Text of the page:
Trijicon’s versatile new 1-8x28mm AccuPower scope and quick-release BOBRO 34mm flattop mount were used for the majority of testing. POF’s enlarged and ambidextrous, 7075 billet aluminum Tomahawk Charging Handle is standard equipment on the Revolution.

The Revolution is designed to be both lightweight and MOA accurate. I admit to having been a bit skeptical on both counts, but happily I was wrong. My initial handling of the Revolution confirmed it is in fact as light as a typical AR-15, weighing in at 7.3 pounds. Duly impressed, I then immediately began to wonder what recoil would be like, as I have been beaten up by more than a few heavier semi-auto rifles firing 7.62NATO/.308 Win. rounds. The first of three trips to the range demonstrated my concern was unfounded. Firing for initial zero at 50 yards from prone, upon unleashing my first round I momentarily did a double-take, stopping briefly to wonder if I had had a squib. I didn’t. The recoil was simply that soft, helped in large part by the very effective three-port muzzle brake. Most excellent. Pressing on, I did however have a few failures to feed and extract using 149-gr. Privi Partisan ball ammo. I also had similar problems with Federal 147-gr. ball, even after changing mags. This was odd considering that the Revolution uses POF’s E2 extraction system. I have no explanation for it, other than the gun was brand new, and the issue seemed to resolve itself as the round count increased to over 200-plus rounds. Accuracy meanwhile was very good, with a few mods.

One might think that felt-recoil might be objectionable when firing a lighter-than-typical, .308-Win-chambered AR platform, but that would be far from the truth; the rifle’s 3-port muzzle brake eats recoil and muzzle rise with a very high level of effectiveness, putting you back on target not long after a spent casing clears the ejection port.

I started testing using a Trijicon 1-8x AccuPower in a BOBRO 34mm quick-release mount, which is a fine scope/mount combo for this type of platform. If I were running and gunning, or using the Revolution as a DMR, this would be a solid choice. But it wasn’t the best choice to test optimal intrinsic accuracy, nor was the MFT Battlelink stock that came with the rifle. I thus replaced the scope with my Trijicon 4-16×50 AccuPower in a Larue mount, and put on a Vltor E-MOD stock that offered a better cheek weld. After that, things got better. Using a bipod from prone, my top group covered 0.9 inches center to center at 100 yards using Federal 168-gr. HPBT Gold Medal Match. Average groups from five different types of ammo measured 1.5 to 2.5 inches, with the best four usually inside an inch, and the heavier rounds preferred. Accuracy testing complete, I put the original stock and scope back on to try some close-range movement and transition drills normally reserved for a standard AR-15 carbine. The Revolution handled virtually as fast and certainly as accurately as a 5.56mm carbine. Not many other rifles firing full power cartridges at this weight can make that claim.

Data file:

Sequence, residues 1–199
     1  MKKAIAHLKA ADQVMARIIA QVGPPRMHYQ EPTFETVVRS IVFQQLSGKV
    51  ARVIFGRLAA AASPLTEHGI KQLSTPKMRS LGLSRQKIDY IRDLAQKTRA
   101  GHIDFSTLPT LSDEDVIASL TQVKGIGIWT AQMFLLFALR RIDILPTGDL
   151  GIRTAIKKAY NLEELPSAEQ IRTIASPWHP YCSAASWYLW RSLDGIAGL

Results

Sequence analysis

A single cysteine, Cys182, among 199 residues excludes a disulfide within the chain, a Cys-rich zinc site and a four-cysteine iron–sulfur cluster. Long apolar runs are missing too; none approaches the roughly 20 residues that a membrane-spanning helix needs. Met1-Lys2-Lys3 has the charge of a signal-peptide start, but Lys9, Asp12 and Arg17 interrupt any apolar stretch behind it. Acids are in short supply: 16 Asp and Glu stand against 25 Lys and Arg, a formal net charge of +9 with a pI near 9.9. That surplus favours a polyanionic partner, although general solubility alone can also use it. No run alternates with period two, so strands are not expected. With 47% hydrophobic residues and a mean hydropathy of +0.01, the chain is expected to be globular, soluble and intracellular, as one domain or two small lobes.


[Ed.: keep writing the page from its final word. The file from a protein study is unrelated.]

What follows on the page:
Wearing a Trijicon 4-16x50mm AccuPower for 100-yard bench testing, the Revolution proved capable of meeting POF’s MOA accuracy claims. This rifle truly encompasses all performance-attribute’s one may find essential in a .308 battle rifle.

For anyone looking for one rifle that can cover multiple missions, the Revolution could fit the bill. It is as lightweight as an AR-15 while retaining the same ergonomics, excellent accuracy, and controllability one expects from a 5.56, but who need a full-caliber rifle. Beyond power and versatility, it’s essentially a custom rifle in virtually every respect. Quality doesn’t come cheap however, and with an MSRP north of $2700 it will give some pause, depending on your mission and the depth of your wallet. For my part, this is a rifle I’m seriously considering keeping. It’s that good. For more information, contact Patriot Ordnance Factory, Dept, OT; Tel.: (877) 561-9572); Web: www.pof-usa.com